3.5 Uncertainty Quality Metrices

We evaluate quality of uncertainty using two standard statiscal metrices, Predictive Log Likelihood (PLL) and Continuous Ranked Probability Score (CRPS).
Predictive Log Likelihood (PLL): Predictive Log Likelihood is a widely accepted metric for measuring the quality of uncertainty [4, 11, 33, 8]. For a probabilistic model , PLL of an LR image and HR image is defined as:

(3)

is a predictive probability distribution function of for an input . There is no bound of PLL and it is maximized for perfect predition of HR image without any variance. Main property of this metric is that it does not make any assumptions about distribution but it is criticized for have effect of outlier on score [28].
Continuous Ranked Probability Score (CRPS): Continuous Ranked Probability Score [10] is generally used to estimate respective accuracy of two probabilistic models. It generalizes mean absolute error for probabilistic estimation. CRPS is defined as

(4)

where is predictive cumulative distribution function, and 1 is the Heaviside step function. The value of is if and otherwise. There is no upper bound of crps. Perfect prediction with no variance receives a CRPS of .

4 Experimental Results & Discussions

In this section, we discuss the datasets used in experimental purpose and training methodology. We also address the effect of the number of MC samples on performance and compare our faster MC sample generation approach with standard BN uncertainty estimation. In the end, we present our understanding of model uncertainty for SISR applications.

4.1 Datasets

We use DIV2K [2, 35], a high-resolution, high-quality dataset for training purpose. Total training images optimize trainable parameters of the SR network, and validation images are to select the best parameter settings for testing. We analyze the network performance using five standard benchmark testing dataset namely Set5 [3], Set14 [40], BSD100 [25], Urban100 [12], and Manga109 [26]. We have also experimented on satellite images downloaded from [1] and histopathological images from MoNuSeg challenge dataset [21].

(a) SSIM vs MC Samples
(b) PSNR in dB vs MC Samples
(c) PLL vs MC Samples
(d) CRPS vs MC Samples
Figure 2: The plot shows estimated values on ’Set5’ dataset for a scale factor and MC samples vary from minimum samples to samples.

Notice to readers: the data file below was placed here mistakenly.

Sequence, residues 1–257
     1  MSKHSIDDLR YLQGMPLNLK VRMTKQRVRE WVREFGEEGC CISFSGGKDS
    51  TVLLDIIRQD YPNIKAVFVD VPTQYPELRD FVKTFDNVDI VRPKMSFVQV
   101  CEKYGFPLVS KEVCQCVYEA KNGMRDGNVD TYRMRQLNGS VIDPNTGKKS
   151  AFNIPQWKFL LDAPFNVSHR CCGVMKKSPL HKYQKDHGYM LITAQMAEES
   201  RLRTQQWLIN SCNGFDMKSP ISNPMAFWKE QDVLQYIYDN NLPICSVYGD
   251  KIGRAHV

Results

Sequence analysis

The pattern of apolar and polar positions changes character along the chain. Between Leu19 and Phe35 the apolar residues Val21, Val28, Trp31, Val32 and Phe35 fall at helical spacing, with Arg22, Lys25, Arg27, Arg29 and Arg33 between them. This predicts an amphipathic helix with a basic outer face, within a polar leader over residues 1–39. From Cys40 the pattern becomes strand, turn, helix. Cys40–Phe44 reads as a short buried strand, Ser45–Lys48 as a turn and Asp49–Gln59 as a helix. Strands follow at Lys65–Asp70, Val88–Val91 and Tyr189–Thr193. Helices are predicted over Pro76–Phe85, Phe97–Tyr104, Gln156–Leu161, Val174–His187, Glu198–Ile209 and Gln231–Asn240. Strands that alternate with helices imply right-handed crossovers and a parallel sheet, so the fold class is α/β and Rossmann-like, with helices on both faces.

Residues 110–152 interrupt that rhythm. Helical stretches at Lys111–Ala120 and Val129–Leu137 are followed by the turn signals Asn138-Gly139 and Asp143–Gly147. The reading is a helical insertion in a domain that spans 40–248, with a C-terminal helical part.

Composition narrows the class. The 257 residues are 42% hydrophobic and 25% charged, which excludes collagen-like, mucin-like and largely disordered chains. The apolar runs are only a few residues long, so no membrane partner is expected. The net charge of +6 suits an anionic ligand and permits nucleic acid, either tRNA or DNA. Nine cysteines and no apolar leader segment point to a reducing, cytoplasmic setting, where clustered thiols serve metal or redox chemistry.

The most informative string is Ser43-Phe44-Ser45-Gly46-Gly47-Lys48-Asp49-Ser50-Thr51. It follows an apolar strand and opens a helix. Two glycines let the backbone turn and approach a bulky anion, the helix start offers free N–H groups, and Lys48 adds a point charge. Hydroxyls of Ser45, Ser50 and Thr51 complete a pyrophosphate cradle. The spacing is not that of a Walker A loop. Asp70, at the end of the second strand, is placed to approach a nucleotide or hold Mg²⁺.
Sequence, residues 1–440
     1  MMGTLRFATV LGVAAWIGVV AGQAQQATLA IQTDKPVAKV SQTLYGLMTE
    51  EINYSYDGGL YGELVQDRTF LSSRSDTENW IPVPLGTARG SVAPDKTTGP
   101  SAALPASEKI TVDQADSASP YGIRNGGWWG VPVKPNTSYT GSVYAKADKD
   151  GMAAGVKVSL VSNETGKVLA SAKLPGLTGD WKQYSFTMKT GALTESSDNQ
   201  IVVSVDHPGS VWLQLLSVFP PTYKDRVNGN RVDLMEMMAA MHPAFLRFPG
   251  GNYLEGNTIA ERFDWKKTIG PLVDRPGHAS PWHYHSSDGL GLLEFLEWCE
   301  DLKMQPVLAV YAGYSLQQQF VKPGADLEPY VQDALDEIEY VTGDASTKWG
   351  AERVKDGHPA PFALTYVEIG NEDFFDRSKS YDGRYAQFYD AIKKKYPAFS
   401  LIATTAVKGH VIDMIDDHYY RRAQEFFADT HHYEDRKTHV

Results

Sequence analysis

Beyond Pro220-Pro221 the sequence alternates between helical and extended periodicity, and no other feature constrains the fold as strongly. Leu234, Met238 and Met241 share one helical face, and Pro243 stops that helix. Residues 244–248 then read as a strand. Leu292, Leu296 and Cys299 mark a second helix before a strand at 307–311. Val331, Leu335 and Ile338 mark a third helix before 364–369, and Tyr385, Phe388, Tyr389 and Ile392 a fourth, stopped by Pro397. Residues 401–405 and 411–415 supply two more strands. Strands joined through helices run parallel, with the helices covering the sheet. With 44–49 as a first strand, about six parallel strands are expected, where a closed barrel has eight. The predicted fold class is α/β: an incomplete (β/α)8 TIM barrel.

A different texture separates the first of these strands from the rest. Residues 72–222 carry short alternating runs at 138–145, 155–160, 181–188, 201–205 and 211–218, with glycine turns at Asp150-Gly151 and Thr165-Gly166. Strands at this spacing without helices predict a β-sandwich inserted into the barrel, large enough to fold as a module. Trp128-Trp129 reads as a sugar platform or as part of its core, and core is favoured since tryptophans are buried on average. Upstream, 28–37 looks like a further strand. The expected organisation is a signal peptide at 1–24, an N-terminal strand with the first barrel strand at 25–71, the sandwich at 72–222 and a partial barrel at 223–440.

4.2 Training Details

We randomly extract patches of size from each HR and bicubic interpolated LR image during training for a batch update. We augment the patches by horizontal flip, vertical flip, and -degree rotation and randomly choose each augmentation with probability. We normalize each input into before feeding to the network. We train each model for iterations which is equivalent to million batch update. To ensure better convergence, we use trained model of scale factor as initialization for other scale factors. We use Xavier initialization [9] for initializing model of scaling factor . We train our model with PyTorch framework and update weights with Adam optimizer [20]. The learning rate is initialized to and reduced to half after every iterations. We use mean-squared error to optimize model parameters. We extract patches from high variance regions of validation images to choose the best model for testing. During testing, we clip the output between and map into an 8-bit unsigned integer format. For a fair comparison, we remove boundary pixels of each test image based on the scaling factor for image quality evaluation as described in vdsr paper [18].

Monte Carlo
Samples
Bayesian VDSR
Faster
Implementation
5 14.28 1.0
10 33.48 1.97
15 52.67 2.96
Table 1: All the values correspond to ’face’ image of size from ’Set14’ dataset.
Scaling Factor
MC Samples 5 15 25 5 15 25 5 15 25
Set5 SSIM 0.957530 0.957559 0.957562 0.884546 0.884700 0.884685 0.732343 0.732507 0.732317
PSNR 37.5404 37.5440 37.5472 31.4436 31.4456 31.4443 26.0340 26.0409 26.0391
PLL -11.175 -11.187 -11.184 -41.361 -41.392 -41.434 -157.733 -157.559 -157.656
CRPS 0.008191 0.008162 0.008157 0.015771 0.015711 0.015693 0.032864 0.032843 0.032823
Set14 SSIM 0.912049 0.912211 0.912232 0.768863 0.768996 0.769027 0.615298 0.615382 0.615404
PSNR 33.0858 33.1049 33.1096 28.0506 28.0637 28.0640 24.2733 24.2783 24.2816
PLL -91.007 -90.892 -90.767 -252.040 -250.839 -250.943 -568.926 -568.596 -568.283
CRPS 0.014960 0.014879 0.014857 0.026334 0.026215 0.026199 0.040444 0.040339 0.040343
BSD100 SSIM 0.894965 0.895038 0.895048 0.725807 0.725903 0.725940 0.580028 0.580055 0.580051
PSNR 31.9119 31.9164 31.9175 27.2973 27.2997 27.3012 24.4825 24.4842 24.4845
PLL -74.233 -74.226 -74.217 -195.734 -195.736 -195.730 -346.074 -345.979 -345.981
CRPS 0.016905 0.016859 0.016851 0.028345 0.028274 0.028260 0.039483 0.039417 0.039400
Urban100 SSIM 0.916389 0.916472 0.916480 0.757138 0.757218 0.757180 0.576144 0.576194 0.576157